HowTo Configure NVMe over Fabrics

Version 56

    This post is a quick guide to bring up NVMe over Fabrics host to target association using RDMA transport layer.

    NVMEoF can run over any RDMA capable adapter (e.g. ConnectX-3/ConnectX-4) using IB/RoCE link layer.

     

    >>Learn for free about Mellanox solutions and technologies in the Mellanox Online Academy

     

    Note: This post focus on NVMEoF configuration for the target and host, and assumes that the RDMA layer is enabled. Refer to RDMA/RoCE Solutions for topics related to the RDMA layer.

     

    References

     

    Setup

    • Two servers, one configured as NVMe target, and the other used as NVMe host (initiator).
    • In this example, the servers were configured with CentOS v7.2 and kernel v4.8.7.

     

     

    Configuration Video By Mellanox Academy

     

     

     

    Before you Start

     

    Using MLNX_OFED

    Note that MLNX_OFED does not necessarily have to be installed on the servers. In case MLNX_OFED is needed, install v3.4.2 or later.

    See HowTo Install MLNX_OFED Driver and make sure to install it with the --add-kernel-support  and --with-nvmf flags.

     

    # ./mlnxofedinstall --add-kernel-support --with-nvmf

     

     

    Benchmarks

    Make sure that the RDMA layer is configured correctly and that it is running.

    Test the RDMA performance using one of the methods, see for example: HowTo Enable, Verify and Troubleshoot RDMA.

    In case MLNX_OFED is not installed for RDMA benchmark testing, followHowTo Enable Perftest Package for Upstream Kernel to verify that the RDMA layer is working correctly using the perftest package (ib_send_bw,ib_write_bw ...)

     

    InfiniBand Network Considerations

    This post discusses the Ethernet network. InfiniBand configuration is the same as the network type is flexible.

    To enable NVMEoF over an InfiniBand network:

    • Set the port type to be InfiniBand
    • Make sure that SM is running in the network.
    • The configuration (e.g. IP address) should be aligned with the IPoIB interface (e.g. ib0 instead of enp2s0f0 in the example below).

     

    Prerequisites

    1. Follow HowTo Compile Linux Kernel for NVMe over Fabrics and make sure that you have nvme modules on the client and target servers.

     

    2. Make sure that the mlx4 (ConnectX-3/ConnectX-3 Pro) or mlx5 (ConnectX-4/ConnectX-4 Lx) drivers are loaded.

     

    mlx4 Driver Example:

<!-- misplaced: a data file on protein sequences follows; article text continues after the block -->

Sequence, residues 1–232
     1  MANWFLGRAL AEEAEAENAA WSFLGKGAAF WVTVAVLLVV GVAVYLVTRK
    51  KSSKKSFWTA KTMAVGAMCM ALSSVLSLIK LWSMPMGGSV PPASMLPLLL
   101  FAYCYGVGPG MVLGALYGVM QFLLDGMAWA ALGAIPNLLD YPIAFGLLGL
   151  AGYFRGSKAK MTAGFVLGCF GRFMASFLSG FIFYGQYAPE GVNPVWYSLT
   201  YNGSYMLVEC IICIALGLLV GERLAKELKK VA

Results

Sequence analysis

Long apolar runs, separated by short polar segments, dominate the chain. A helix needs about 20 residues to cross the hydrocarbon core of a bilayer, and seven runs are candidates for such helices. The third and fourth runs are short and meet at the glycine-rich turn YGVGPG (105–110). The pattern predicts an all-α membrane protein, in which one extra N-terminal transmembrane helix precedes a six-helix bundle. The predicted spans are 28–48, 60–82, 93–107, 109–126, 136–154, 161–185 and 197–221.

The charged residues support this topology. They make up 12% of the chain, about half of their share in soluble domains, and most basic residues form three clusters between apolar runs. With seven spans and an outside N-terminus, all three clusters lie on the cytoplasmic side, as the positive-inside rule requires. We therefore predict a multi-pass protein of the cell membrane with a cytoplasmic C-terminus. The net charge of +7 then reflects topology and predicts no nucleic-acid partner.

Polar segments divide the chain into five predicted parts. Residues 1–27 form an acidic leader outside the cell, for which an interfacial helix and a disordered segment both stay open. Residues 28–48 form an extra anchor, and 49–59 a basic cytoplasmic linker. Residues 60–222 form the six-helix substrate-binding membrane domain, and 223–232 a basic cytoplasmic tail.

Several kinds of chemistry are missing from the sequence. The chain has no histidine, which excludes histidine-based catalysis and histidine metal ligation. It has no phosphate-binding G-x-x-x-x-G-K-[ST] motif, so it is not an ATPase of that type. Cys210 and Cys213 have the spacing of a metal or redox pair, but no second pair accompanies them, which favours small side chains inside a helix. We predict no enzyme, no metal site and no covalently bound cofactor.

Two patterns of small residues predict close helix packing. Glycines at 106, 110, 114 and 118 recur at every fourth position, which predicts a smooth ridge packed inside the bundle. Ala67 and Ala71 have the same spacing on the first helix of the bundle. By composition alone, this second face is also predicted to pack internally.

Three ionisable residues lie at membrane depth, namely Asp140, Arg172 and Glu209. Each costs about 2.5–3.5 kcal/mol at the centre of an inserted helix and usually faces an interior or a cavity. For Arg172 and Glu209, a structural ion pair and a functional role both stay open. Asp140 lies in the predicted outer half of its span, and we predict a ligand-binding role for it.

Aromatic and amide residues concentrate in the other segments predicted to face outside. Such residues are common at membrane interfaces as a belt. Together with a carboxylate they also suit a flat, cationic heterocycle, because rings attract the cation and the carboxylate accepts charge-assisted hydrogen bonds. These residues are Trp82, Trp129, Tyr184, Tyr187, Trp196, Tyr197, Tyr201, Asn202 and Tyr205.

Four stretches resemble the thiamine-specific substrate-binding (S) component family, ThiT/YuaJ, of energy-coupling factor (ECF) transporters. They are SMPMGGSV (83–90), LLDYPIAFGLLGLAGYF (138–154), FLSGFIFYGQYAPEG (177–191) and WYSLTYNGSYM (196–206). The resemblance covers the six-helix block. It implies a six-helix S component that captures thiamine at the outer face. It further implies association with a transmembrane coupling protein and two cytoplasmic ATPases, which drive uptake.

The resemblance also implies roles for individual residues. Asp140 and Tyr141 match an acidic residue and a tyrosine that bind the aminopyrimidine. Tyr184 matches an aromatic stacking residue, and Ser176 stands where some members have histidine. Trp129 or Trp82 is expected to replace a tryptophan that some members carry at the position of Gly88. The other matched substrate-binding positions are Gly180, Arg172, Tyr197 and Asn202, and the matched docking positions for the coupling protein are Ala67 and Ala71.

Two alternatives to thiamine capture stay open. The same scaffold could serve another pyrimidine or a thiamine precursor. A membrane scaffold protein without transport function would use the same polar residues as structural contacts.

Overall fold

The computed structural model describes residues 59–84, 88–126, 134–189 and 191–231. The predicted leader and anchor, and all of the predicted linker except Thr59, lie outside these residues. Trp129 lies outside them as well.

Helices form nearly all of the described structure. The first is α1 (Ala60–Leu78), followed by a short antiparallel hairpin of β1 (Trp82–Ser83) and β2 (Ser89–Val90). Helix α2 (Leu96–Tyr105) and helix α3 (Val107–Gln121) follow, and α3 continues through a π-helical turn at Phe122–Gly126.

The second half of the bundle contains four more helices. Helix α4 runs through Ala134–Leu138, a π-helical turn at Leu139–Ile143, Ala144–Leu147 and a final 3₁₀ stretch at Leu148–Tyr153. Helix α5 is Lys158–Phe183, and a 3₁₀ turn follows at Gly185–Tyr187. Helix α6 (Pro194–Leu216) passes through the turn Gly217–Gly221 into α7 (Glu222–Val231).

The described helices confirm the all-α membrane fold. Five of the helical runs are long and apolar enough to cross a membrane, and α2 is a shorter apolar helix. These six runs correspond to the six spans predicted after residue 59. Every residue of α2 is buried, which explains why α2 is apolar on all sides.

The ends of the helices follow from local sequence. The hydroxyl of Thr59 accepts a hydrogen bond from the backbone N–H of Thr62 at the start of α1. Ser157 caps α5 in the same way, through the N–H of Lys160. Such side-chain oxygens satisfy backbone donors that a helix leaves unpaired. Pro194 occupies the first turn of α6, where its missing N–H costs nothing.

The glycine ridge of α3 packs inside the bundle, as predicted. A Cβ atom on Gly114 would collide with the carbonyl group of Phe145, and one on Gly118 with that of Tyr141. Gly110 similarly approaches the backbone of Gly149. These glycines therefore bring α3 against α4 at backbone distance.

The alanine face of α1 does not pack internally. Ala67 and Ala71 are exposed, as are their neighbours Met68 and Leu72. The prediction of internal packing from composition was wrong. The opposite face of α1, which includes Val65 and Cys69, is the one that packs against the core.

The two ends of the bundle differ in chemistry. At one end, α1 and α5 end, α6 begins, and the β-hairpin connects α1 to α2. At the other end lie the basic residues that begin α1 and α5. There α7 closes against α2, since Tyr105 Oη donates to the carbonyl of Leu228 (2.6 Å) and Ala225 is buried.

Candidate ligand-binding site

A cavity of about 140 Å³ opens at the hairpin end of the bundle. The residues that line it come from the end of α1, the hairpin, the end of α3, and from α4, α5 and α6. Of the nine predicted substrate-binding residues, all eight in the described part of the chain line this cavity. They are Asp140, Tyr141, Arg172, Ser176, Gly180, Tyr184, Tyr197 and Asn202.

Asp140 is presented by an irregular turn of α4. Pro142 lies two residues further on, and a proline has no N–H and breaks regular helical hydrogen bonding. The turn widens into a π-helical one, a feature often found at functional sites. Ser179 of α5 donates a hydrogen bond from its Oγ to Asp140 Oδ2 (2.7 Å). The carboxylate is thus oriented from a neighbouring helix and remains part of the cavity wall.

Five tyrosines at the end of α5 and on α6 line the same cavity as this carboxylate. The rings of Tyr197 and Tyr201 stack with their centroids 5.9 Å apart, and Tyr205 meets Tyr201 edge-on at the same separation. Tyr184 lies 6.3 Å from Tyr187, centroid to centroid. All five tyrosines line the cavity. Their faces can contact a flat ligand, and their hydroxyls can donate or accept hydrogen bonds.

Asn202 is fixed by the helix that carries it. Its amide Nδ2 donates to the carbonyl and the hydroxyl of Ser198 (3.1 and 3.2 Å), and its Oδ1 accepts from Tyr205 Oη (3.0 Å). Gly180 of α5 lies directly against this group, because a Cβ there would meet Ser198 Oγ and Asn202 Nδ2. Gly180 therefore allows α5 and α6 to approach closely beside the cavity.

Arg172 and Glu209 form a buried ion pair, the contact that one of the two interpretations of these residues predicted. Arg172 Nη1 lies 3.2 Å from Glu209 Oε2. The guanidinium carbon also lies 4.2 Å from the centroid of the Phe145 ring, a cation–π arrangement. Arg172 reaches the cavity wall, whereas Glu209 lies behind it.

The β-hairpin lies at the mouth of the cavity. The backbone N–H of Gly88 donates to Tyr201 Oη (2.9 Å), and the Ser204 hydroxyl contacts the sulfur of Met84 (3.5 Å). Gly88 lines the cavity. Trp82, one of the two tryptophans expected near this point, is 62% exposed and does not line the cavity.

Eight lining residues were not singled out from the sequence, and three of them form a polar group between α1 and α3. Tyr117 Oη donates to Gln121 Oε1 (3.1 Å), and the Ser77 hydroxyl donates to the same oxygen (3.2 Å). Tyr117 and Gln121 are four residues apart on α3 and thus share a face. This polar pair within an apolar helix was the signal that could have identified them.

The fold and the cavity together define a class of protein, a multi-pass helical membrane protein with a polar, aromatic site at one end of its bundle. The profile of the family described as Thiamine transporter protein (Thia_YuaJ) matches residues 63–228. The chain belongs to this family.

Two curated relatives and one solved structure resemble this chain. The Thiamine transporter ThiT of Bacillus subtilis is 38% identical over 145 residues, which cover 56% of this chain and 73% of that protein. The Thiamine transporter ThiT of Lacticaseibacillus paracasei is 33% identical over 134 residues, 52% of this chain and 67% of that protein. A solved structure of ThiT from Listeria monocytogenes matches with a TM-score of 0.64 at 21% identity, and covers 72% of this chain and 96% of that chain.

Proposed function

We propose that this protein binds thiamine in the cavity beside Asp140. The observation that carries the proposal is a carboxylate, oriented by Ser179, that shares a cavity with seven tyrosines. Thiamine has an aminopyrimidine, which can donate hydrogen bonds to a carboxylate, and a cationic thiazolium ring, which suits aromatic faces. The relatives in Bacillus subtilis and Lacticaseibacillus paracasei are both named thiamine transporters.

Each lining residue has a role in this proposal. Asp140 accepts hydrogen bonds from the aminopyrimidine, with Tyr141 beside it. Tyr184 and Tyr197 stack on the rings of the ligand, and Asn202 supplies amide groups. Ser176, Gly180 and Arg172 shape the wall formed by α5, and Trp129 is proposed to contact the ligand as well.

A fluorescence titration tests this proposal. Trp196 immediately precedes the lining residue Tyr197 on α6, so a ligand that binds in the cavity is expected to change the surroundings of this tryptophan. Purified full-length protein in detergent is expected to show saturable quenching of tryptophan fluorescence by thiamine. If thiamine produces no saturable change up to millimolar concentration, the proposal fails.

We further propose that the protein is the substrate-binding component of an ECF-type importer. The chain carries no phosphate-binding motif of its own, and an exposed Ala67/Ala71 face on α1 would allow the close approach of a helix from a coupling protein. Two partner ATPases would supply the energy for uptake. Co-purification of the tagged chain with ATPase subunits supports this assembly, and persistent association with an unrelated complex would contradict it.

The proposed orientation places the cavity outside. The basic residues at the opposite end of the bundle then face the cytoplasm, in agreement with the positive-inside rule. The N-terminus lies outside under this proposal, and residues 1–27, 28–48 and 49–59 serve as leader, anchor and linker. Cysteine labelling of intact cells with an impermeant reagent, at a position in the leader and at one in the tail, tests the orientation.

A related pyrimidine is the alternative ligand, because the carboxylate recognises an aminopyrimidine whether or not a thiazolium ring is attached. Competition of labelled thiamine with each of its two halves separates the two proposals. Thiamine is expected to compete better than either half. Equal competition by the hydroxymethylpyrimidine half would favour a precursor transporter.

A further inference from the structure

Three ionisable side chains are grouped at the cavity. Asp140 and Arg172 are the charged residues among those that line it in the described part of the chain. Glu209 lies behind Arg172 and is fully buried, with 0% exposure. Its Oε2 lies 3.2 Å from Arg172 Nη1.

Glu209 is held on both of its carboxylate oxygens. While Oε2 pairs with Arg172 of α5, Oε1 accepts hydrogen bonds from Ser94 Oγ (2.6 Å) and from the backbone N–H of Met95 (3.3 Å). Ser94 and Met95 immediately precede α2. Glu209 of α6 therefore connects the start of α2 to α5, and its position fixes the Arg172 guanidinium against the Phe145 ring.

# modprobe mlx4_core

     

    # lsmod | grep mlx

    mlx4_ib               148806  0

    ib_core               195846  13 rdma_cm,ib_cm,iw_cm,rpcrdma,mlx4_ib,ib_srp,ib_ucm,ib_iser,ib_umad,ib_uverbs,rdma_ucm,ib_ipoib,ib_isert

    mlx4_en                97313  0

    ptp                    12434  1 mlx4_en

    mlx4_core             294165  2 mlx4_en,mlx4_ib

     

    mlx5 Driver Example:

    # modprobe mlx5_core

     

    # lsmod | grep mlx

    mlx5_ib               167936  0

    ib_core               208896  14 ib_iser,ib_cm,rdma_cm,ib_umad,ib_srp,ib_isert,ib_uverbs,rpcrdma,ib_ipoib,iw_cm,mlx5_ib,ib_srpt,ib_ucm,rdma_ucm

    mlx5_core             188416  1 mlx5_ib

     

    3. On the target server, load nvmet and nvmet-rdma kernel modules.

    # modprobe nvmet

    # modprobe nvmet-rdma

    # modprobe nvme-rdma        <-- This is to run a client on the target server (if needed)

     

    # lsmod | grep nvme

    nvmet_rdma             24576  1

    nvmet                  49152  7 nvmet_rdma

    rdma_cm                53248  2 rdma_ucm,nvmet_rdma

    ib_core               237568  11 ib_cm,rdma_cm,ib_umad,ib_uverbs,ib_ipoib,iw_cm,mlx5_ib,ib_ucm,rdma_ucm,nvmet_rdma,mlx4_ib

    mlx_compat             16384  16 ib_cm,rdma_cm,ib_umad,ib_core,ib_uverbs,nvmet,mlx4_en,ib_ipoib,mlx5_core,iw_cm,mlx5_ib,mlx4_core,ib_ucm,rdma_ucm,nvmet_rdma,mlx4_ib

    nvme                   28672  2

    nvme_core              36864  3 nvme

     

    4. On the client server, load nvme-rdma kernel module.

    # modprobe nvme-rdma


    # lsmod | grep nvme

    nvme_rdma              28672  0

    nvme_fabrics           20480  1 nvme_rdma

    nvme                   28672  0

    nvme_core              49152  3 nvme_fabrics,nvme_rdma,nvme

    rdma_cm                53248  2 nvme_rdma,rdma_ucm

    ib_core               237568  11 ib_cm,rdma_cm,ib_umad,nvme_rdma,ib_uverbs,ib_ipoib,iw_cm,mlx5_ib,ib_ucm,rdma_ucm,mlx4_ib

    mlx_compat             16384  18 ib_cm,rdma_cm,ib_umad,nvme_fabrics,ib_core,nvme_rdma,ib_uverbs,nvme,nvme_core,mlx4_en,ib_ipoib,mlx5_core,iw_cm,mlx5_ib,mlx4_core,ib_ucm,rdma_ucm,mlx4_ib

     

    NVME Target Configuration

     

    Prerequisites

    • NVMEoF Target requires a backing store block device to be used as a storage space (Null block device can also be used as a backing store for benchmarking).
    • Make sure you have a proper block device to assign for the nvmet-rdma subsystem.
    • Check using ibtools that your target has a valid RDMA device with an IP address configured.
    • In case you use InfiniBand, make sure that OpenSM is running.

    For more information about NVMe subsystem, refer to: http://www.nvmexpress.org/specifications/